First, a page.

This policy will provide allowances for every entity – government or private sector, in terms of how much emissions it may be allowed, and exceeding those emissions could also attract penalties. While the nature of these penalties is undecided, the tax would be used in undertaking projects that will help Nigeria fulfil all its obligations under the nationally determined contributions, as well as the net zero target of 2060.

Benefits to Nigeria. 

Adopting the Carbon tax in Nigeria comes with a host of environmental and economic benefits. One of the noticeable impacts after full adoption would be the wider tax base and revenue for the Nigerian government. The country has a debt problem majorly ascribed to poor spending, but also has a revenue problem, and Nigeria’s revenue-to-GDP ratio is one of the lowest in the world. 

Between April and November 2021, South Africa generated an estimated R1.3 billion in carbon tax revenues. Over time the country has reviewed its carbon pricing, starting from an initial price of 120 rands ($6.9) per tonne of CO2 equivalent in 2019 to  ZAR 144 (around $ 8.3) per tonne of CO2 equivalent in 2022. In line with South Africa’s commitments at COP26, the carbon tax rate is to progressively increase annually to reach $ 20 per tonne by 2025 and $30 by 2030. 

While these still compare poorly with international standards of $40 to $80 a ton as of 2020, South Africa’s progress is commendable. It is still a loner in the carbon tax space on the continent, and no country with similar climate realities can be used to rate its performance. Sweden charges one of the highest carbon taxes in the world at around €112 per tonne of CO2.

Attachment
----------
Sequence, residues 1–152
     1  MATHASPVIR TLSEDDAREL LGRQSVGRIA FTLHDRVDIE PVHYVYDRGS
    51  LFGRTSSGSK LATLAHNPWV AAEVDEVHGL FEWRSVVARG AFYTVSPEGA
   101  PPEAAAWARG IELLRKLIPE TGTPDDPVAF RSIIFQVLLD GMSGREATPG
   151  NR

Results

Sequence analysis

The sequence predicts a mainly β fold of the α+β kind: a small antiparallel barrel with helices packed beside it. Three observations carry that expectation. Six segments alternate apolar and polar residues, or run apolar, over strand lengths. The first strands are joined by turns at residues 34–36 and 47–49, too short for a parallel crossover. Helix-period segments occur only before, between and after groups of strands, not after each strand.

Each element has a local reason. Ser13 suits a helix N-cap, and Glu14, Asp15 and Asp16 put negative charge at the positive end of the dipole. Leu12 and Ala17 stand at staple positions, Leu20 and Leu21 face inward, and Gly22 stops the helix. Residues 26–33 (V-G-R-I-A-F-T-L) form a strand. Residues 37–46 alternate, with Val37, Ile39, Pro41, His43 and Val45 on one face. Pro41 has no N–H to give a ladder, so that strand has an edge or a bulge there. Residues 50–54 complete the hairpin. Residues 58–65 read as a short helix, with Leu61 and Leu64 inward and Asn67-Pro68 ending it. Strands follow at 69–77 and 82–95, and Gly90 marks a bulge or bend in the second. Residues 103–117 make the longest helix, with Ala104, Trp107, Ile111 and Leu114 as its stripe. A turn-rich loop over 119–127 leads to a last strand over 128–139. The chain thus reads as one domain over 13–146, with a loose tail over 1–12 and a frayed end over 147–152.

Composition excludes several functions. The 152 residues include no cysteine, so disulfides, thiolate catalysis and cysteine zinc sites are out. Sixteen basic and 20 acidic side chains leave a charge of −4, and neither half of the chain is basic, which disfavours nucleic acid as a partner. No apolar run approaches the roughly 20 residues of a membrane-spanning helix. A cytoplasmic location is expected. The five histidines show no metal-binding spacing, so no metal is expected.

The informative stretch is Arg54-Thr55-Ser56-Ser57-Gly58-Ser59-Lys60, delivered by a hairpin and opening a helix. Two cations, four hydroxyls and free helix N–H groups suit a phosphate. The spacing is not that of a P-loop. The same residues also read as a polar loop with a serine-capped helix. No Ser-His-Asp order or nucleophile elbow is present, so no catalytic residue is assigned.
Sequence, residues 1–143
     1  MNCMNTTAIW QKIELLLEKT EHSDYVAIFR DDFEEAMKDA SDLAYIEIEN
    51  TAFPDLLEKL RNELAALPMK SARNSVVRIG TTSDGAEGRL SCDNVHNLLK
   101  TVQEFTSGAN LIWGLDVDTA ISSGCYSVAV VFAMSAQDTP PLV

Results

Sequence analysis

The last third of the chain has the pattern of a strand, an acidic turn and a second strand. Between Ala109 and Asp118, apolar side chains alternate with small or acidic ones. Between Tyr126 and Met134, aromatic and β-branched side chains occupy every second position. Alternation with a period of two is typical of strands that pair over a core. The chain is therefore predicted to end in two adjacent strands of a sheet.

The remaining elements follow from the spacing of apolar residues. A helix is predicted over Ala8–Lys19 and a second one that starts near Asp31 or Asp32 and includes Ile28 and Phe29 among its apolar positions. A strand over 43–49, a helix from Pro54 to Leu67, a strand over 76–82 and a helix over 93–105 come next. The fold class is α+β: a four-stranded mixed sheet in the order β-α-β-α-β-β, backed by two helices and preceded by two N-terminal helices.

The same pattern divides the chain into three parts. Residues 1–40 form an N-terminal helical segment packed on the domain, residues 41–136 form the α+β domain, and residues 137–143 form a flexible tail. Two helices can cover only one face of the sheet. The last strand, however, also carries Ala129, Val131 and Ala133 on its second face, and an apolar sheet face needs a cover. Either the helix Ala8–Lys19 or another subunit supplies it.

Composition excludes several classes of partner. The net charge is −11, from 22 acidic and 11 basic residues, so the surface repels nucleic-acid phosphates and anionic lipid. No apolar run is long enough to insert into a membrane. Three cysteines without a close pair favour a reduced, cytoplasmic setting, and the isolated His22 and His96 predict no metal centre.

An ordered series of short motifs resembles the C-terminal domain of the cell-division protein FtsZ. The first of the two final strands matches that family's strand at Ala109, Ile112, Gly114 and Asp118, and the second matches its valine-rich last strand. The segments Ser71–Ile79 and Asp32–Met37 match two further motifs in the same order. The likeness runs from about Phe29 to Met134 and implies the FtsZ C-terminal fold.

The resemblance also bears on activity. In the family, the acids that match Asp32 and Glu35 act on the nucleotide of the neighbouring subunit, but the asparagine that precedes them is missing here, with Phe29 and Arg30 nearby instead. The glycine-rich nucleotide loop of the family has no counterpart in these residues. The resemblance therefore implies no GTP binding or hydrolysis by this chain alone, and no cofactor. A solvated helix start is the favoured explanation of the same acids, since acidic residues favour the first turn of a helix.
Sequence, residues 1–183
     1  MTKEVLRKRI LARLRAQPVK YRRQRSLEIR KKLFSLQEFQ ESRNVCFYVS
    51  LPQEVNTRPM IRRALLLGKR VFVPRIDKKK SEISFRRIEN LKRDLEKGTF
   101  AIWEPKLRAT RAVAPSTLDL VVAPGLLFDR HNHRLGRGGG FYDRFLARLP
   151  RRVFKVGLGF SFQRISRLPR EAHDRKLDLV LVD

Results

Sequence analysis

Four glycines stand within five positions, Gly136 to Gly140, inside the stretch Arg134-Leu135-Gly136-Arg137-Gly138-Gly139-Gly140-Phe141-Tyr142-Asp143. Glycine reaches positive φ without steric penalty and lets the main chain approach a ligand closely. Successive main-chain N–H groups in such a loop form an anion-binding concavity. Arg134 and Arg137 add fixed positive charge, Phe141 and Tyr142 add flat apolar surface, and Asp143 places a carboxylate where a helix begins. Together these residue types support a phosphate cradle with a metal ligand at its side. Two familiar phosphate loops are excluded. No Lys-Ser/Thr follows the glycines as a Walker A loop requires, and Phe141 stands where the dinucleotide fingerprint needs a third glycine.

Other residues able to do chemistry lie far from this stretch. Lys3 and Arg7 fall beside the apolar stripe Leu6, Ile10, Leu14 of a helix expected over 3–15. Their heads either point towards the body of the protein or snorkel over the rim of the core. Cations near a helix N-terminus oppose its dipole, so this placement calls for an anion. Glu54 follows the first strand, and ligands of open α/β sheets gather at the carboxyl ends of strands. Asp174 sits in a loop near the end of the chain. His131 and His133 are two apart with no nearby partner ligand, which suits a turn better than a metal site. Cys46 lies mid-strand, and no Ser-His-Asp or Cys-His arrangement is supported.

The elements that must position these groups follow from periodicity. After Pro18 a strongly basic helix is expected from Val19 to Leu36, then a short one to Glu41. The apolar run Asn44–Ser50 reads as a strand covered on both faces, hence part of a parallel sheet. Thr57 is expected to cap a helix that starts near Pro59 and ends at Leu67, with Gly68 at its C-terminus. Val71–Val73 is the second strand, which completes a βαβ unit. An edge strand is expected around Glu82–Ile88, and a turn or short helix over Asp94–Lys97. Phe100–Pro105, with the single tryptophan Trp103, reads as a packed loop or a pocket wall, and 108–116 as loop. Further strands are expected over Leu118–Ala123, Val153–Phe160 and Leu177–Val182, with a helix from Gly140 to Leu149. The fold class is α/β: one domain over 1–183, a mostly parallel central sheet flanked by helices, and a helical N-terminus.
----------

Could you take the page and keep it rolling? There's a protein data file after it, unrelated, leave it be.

As an oil-dependent country and host to many fossil-burning industries, Nigeria’s carbon tax for their emission would significantly strengthen its revenue portfolio. This generated revenue can be used for investment in renewable energy and other low-carbon technologies or support other public services.

The adoption of the carbon tax in Africa’s largest economy would also encourage s a shift towards renewable energy sources. By paying for carbon emissions, which may not be pocket friendly to companies and individuals, they are compelled to shift towards cleaner, more sustainable energy sources like wind, solar, and hydropower.

Lastly, the development could foster strong ties with foreign bodies and countries. Since Nigeria will now be a player in the global Carbon tax system, the country is contributing its needed quota in promoting international cooperation on climate change. With this, Nigeria becomes attractive to foreign investors interested in investing in low-carbon projects, leading to increased foreign investment in its clean energy and acceleration of the country’s energy transition plan. 

However, all these benefits may not be a reality if the tax system lacks a strong framework for monitoring and reporting carbon emissions. Many Nigerians evade tax, and many others, are not captured under the government’s punctured tax net. In 2021, Nigeria reportedly lost $178 billion to tax evasion by multinationals in a decade. Execution and implementation of policies have always been one of Nigeria’s kryptonite post-policy approval. But it is important to note that successful carbon taxation could offer Nigeria a way to achieve economic growth while meeting its environmental obligations.